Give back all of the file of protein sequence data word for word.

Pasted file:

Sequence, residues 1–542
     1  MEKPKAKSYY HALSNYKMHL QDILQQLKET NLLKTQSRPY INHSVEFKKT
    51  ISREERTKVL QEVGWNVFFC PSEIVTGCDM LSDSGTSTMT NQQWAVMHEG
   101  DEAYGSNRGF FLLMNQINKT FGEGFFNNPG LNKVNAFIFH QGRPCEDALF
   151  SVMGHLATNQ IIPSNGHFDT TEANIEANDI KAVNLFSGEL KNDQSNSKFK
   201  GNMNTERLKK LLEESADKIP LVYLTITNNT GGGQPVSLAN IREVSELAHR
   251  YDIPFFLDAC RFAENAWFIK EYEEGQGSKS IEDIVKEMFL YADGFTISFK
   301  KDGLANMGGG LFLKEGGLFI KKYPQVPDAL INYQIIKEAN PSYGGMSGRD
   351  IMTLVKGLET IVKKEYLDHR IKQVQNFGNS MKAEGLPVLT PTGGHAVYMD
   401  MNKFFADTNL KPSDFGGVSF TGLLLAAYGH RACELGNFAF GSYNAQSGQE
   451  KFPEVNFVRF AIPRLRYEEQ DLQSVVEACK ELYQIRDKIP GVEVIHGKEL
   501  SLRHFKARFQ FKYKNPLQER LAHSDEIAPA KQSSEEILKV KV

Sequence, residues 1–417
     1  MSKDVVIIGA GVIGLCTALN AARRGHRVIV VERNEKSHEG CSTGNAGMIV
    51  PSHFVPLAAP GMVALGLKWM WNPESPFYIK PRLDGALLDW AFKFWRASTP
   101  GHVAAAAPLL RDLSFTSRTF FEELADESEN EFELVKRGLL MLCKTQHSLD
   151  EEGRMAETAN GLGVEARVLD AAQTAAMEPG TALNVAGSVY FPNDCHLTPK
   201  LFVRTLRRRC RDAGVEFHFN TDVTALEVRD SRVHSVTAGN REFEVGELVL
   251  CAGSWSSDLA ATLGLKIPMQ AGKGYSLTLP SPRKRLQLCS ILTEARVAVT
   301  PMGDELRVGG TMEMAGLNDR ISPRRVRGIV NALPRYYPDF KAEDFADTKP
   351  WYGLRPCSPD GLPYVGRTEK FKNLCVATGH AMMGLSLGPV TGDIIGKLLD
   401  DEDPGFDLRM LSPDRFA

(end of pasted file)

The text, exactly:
Sequence, residues 1–542
     1  MEKPKAKSYY HALSNYKMHL QDILQQLKET NLLKTQSRPY INHSVEFKKT
    51  ISREERTKVL QEVGWNVFFC PSEIVTGCDM LSDSGTSTMT NQQWAVMHEG
   101  DEAYGSNRGF FLLMNQINKT FGEGFFNNPG LNKVNAFIFH QGRPCEDALF
   151  SVMGHLATNQ IIPSNGHFDT TEANIEANDI KAVNLFSGEL KNDQSNSKFK
   201  GNMNTERLKK LLEESADKIP LVYLTITNNT GGGQPVSLAN IREVSELAHR
   251  YDIPFFLDAC RFAENAWFIK EYEEGQGSKS IEDIVKEMFL YADGFTISFK
   301  KDGLANMGGG LFLKEGGLFI KKYPQVPDAL INYQIIKEAN PSYGGMSGRD
   351  IMTLVKGLET IVKKEYLDHR IKQVQNFGNS MKAEGLPVLT PTGGHAVYMD
   401  MNKFFADTNL KPSDFGGVSF TGLLLAAYGH RACELGNFAF GSYNAQSGQE
   451  KFPEVNFVRF AIPRLRYEEQ DLQSVVEACK ELYQIRDKIP GVEVIHGKEL
   501  SLRHFKARFQ FKYKNPLQER LAHSDEIAPA KQSSEEILKV KV

Sequence, residues 1–417
     1  MSKDVVIIGA GVIGLCTALN AARRGHRVIV VERNEKSHEG CSTGNAGMIV
    51  PSHFVPLAAP GMVALGLKWM WNPESPFYIK PRLDGALLDW AFKFWRASTP
   101  GHVAAAAPLL RDLSFTSRTF FEELADESEN EFELVKRGLL MLCKTQHSLD
   151  EEGRMAETAN GLGVEARVLD AAQTAAMEPG TALNVAGSVY FPNDCHLTPK
   201  LFVRTLRRRC RDAGVEFHFN TDVTALEVRD SRVHSVTAGN REFEVGELVL
   251  CAGSWSSDLA ATLGLKIPMQ AGKGYSLTLP SPRKRLQLCS ILTEARVAVT
   301  PMGDELRVGG TMEMAGLNDR ISPRRVRGIV NALPRYYPDF KAEDFADTKP
   351  WYGLRPCSPD GLPYVGRTEK FKNLCVATGH AMMGLSLGPV TGDIIGKLLD
   401  DEDPGFDLRM LSPDRFA